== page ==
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IM aripiprazole for acute agitation

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Fast-acting injectable has shown efficacy 45 to 60 minutes after dosing in randomized, controlled studies.



In recent clinical trials, a new intramuscular (IM) form of the second-generation antipsychotic (SGA) aripiprazole has controlled agitation in adults with schizophrenia or bipolar mania without causing significant side effects (Table 1).1-3

Table 1

IM aripiprazole: Fast facts

Brand name: Abilify
Class: Second-generation antipsychotic
Indication: Acute agitation associated with schizophrenia or type I bipolar disorder (mixed or manic episodes)
Manufacturer: Otsuka America Pharmaceutical (marketed in collaboration with Bristol-Myers Squibb)
Dosing forms: 1.3-mL vial of clear, aqueous solution containing 9.75 mg of active drug
Recommended dosage: 9.75 mg every 2 hours as needed; do not exceed 30 mg across 24 hours

Clinical implications

Rapid intervention is critical to protecting the patient and caregivers when violent and/or destructive behavior accompanies agitation. IM aripiprazole substantially reduced agitation within 45 to 60 minutes of dosing in randomized, double-blind, placebo-controlled studies.1-3

How it works

Whereas other SGAs have relatively little effect on D2 (dopamine) receptors and relatively high 5-HT2A (serotonin) receptor affinities, aripiprazole appears to work via partial D2 receptor agonism. The medication:

  • blocks D2 receptors in brain regions where dopamine is overactive in schizophrenia, such as the mesolimbic pathway. This produces an antipsychotic effect.
  • maintains or moderately boosts dopamine activity as needed in regions such as the nigrostriatal pathway. This reduces the risk of motor side effects and might improve negative and cognitive schizophrenia symptoms.

Aripiprazole is a partial 5-HT1A receptor agonist and—like other SGAs—a 5-HT2A receptor antagonist. These receptor subtypes have been implicated in antipsychotic action. In particular, partial 5-HT1A receptor agonism is thought to help:

  • reduce anxiety
  • lessen depressive, negative, and cognitive symptoms
  • decrease extrapyramidal symptom (EPS) liability.4

Aripiprazole also has moderate affinity for histaminic and alpha-adrenergic receptors and no appreciable effect on cholinergic muscarinic receptors.5-8


IM aripiprazole’s activity has been attributed to its parent drug and to a lesser extent its major metabolite, dehydroaripiprazole. Both moieties act on D2 receptors, and dehydroaripiprazole accounts for 40% of the parent drug’s exposure in plasma.

Mean elimination half-lives for aripiprazole and dehydroaripiprazole are approximately 75 and 94 hours, respectively, allowing for daily administration. Both active moieties reach steady-state concentration within 14 days of dosing. Because aripiprazole accumulation is predictable after a single dose and its pharmacokinetics are dose-proportional at steady state, higher doses are not always more effective and could increase side-effect risk.

Aripiprazole is metabolized mainly through the liver by cytochrome P-450 2D6 and 3A4 isozymes. This requires careful monitoring when prescribing the drug concomitantly with:

  • agents that induce CYP 3A4—such as carbamazepine—which could diminish aripiprazole’s effectiveness by increasing its clearance and decreasing aripiprazole blood levels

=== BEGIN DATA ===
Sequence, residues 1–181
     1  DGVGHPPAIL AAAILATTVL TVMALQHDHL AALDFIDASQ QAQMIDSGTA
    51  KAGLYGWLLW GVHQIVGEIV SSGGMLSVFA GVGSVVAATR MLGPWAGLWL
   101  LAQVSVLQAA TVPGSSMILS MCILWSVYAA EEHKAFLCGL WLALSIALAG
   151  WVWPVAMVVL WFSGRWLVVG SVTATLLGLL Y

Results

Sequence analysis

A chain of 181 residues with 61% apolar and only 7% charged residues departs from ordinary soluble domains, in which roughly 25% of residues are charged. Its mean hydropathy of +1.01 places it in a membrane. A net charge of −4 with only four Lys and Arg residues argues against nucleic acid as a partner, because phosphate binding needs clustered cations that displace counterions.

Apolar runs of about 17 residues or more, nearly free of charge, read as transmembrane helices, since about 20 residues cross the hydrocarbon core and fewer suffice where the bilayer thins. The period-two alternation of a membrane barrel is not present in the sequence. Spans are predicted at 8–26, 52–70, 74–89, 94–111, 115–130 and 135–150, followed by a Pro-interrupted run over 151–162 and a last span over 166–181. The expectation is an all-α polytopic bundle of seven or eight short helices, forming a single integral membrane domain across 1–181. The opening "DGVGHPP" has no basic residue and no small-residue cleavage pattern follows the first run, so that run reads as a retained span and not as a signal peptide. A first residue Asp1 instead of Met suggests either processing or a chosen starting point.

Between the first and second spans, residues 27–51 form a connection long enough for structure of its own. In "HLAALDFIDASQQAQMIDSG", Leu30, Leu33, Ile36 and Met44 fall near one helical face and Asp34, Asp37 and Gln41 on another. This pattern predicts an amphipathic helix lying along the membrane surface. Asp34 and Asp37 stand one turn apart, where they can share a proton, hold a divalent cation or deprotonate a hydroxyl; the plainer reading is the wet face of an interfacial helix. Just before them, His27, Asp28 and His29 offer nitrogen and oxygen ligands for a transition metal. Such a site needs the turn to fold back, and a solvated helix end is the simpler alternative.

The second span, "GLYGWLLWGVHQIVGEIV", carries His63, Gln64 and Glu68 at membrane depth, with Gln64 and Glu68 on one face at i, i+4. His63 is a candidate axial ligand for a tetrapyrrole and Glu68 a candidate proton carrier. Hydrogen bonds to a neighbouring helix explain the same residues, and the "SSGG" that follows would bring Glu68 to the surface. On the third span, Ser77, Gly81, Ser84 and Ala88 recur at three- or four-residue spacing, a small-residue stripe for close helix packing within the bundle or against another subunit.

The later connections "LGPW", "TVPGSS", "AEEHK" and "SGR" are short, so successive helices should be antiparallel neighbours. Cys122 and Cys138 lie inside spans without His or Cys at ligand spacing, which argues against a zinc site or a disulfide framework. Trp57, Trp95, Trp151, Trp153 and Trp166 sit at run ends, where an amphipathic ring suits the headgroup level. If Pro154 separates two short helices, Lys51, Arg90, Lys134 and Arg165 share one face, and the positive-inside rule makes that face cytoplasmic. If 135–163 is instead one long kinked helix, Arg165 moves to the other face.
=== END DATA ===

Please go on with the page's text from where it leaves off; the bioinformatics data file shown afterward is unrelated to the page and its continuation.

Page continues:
• CYP 3A4 inhibitors such as ketoconazole or CYP 2D6 inhibitors such as quinidine, fluoxetine, or paroxetine, which can inhibit aripiprazole elimination9 and increase the risk of adverse events.

Similarly, aripiprazole could be efficacious at lower-than-therapeutic dosages when taken with medications that raise aripiprazole blood levels.


In 3 randomized, placebo-controlled, double-blind trials, IM aripiprazole reduced agitation in inpatients with schizophrenia, schizoaffective disorder, or type I bipolar disorder with manic or mixed episodes, with or without psychotic features.

In each trial, IM aripiprazole was as effective as comparable dosages of haloperidol or lorazepam IM preparations. Patients were moderately to severely agitated based on Positive and Negative Syndrome Scale Excited Component (PANSS-EC) assessments, which gauged impulse control, tension, hostility, uncooperativeness, and excitement.

Patients could receive up to 3 injections within 24 hours but had to wait ≥2 hours for the second injection so that investigators could record follow-up PANSS-EC scores. Clinical Global Impression of Improvement (CGI-I) scale scores were a key secondary measure.

Examination of population subsets in the studies showed no differential response based on age, race, or gender.

Tran-Johnson et al1followed 357 patients with schizophreniform disorders, schizophrenia, or schizoaffective disorders.

Two hours after initial injection, mean PANSS-EC scores decreased approximately 3 points with placebo and 4 to 6.5 points among patients receiving 7.5 mg of IM haloperidol or 5.25, 9.75, or 15 mg of IM aripiprazole. Agitation improved significantly after 45 minutes among patients receiving 9.75 mg of IM aripiprazole, compared with 105 minutes in the IM haloperidol group.

Prevalence of EPS across 24 hours with haloperidol was 19.3%, compared with an average 5.2% among all IM aripiprazole groups, suggesting that IM aripiprazole carries a substantially lower EPS risk.

Andrezina et al2followed 448 patients with schizophrenia or schizoaffective disorder. Two hours after injection, patients in both treatment groups showed much greater improvement compared with placebo based on mean PANSS-EC score decreases and mean CGI-I scores (Table 2).

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